A game loop runs continuously during gameplay. Each turn of the loop, it processes user input without blocking, updates the game state, and renders the game. It tracks the passage of time to control the rate of gameplay.
This pattern decouple the progression of game time from user input and processor speed.
This pattern is used in every game engine.
Game loop is the main process of all the game rendering threads. It drives input process, internal status update, rendering, AI and all the other processes.
There are a lot of implementations of game loop:
- Frame-based game loop
Frame-based game loop is the easiest implementation. The loop always keeps spinning for the following three processes: processInput, update and render. The problem with it is you have no control over how fast the game runs. On a fast machine, that loop will spin so fast users won’t be able to see what’s going on. On a slow machine, the game will crawl. If you have a part of the game that’s content-heavy or does more AI or physics, the game will actually play slower there.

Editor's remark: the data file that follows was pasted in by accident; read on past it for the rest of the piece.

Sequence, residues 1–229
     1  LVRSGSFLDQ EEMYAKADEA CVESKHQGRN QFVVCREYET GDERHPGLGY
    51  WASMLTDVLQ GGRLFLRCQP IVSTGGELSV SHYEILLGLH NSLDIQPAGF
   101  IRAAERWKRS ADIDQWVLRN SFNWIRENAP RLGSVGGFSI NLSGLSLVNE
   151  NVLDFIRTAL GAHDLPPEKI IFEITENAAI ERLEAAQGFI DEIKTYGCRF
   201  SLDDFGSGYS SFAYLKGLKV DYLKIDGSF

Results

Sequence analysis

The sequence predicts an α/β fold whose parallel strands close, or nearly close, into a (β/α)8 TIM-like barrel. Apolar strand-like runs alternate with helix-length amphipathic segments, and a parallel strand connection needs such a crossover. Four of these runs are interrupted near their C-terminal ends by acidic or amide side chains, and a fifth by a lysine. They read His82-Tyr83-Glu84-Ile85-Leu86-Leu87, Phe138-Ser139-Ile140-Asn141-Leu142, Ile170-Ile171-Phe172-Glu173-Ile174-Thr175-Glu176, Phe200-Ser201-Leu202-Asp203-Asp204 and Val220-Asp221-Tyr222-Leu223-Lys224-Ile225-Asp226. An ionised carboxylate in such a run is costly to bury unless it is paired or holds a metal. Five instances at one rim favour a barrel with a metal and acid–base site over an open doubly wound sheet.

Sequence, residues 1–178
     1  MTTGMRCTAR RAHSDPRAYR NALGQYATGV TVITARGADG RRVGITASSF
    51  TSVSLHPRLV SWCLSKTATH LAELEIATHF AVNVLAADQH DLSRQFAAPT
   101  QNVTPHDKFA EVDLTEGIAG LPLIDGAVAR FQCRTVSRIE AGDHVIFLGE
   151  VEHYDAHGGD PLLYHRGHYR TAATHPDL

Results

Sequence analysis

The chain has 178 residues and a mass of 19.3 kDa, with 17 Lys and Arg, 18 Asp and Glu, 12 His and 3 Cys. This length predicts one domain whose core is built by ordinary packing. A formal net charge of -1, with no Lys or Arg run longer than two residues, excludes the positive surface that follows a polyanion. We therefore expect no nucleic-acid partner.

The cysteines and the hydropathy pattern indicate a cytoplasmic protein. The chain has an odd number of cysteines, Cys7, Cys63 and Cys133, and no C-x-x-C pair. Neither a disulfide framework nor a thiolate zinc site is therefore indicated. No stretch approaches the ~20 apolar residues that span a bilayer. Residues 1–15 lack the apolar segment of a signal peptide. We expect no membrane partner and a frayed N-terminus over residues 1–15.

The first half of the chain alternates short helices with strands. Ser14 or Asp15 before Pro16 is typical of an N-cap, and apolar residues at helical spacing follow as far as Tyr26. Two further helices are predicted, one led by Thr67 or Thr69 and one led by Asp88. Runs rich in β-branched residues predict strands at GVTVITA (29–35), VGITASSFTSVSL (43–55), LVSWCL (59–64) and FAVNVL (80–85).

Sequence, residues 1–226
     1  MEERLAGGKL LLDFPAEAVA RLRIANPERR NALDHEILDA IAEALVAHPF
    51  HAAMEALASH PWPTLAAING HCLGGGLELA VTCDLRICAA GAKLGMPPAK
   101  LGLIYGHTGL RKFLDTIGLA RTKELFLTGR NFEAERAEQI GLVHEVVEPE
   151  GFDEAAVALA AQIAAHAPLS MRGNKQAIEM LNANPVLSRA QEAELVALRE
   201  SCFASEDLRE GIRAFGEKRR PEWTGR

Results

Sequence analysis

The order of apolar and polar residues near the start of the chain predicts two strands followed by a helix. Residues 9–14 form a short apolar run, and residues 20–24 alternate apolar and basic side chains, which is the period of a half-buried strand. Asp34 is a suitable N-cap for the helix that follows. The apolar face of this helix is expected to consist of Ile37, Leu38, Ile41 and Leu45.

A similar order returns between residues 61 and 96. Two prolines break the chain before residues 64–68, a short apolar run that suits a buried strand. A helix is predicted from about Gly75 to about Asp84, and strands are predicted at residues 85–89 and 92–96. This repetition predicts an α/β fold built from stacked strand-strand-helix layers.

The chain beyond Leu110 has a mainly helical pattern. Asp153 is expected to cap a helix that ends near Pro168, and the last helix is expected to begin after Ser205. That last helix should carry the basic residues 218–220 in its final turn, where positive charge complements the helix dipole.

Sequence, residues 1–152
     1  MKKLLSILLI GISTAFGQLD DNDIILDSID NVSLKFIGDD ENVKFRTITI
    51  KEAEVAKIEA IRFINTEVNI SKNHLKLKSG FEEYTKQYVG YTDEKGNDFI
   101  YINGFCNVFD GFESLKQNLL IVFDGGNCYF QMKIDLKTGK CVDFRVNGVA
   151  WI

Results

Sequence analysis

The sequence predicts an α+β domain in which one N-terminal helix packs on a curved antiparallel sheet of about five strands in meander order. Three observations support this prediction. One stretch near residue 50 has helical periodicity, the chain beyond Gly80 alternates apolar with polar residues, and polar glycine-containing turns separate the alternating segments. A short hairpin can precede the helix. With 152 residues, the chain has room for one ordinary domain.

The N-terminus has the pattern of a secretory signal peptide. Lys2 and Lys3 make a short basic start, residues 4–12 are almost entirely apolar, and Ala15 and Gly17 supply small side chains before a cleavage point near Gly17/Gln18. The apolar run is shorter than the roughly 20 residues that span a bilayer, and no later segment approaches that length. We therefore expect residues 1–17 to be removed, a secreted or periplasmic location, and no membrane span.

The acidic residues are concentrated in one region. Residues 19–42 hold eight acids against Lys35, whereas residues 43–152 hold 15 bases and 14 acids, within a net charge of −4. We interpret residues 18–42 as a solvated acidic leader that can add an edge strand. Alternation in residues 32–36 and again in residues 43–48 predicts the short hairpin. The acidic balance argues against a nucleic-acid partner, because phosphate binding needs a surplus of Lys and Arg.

- Variable-step game loop
The variable-step game loop chooses a time step to advance based on how much real time passed since the last frame. The longer the frame takes, the bigger steps the game takes. It always keeps up with real time because it will take bigger and bigger steps to get there.
- Fixed-step game loop
For fixed-step game loop, a certain amount of real time has elapsed since the last turn of the game loop. This is how much game time need to be simulated for the game’s “now” to catch up with the player’s.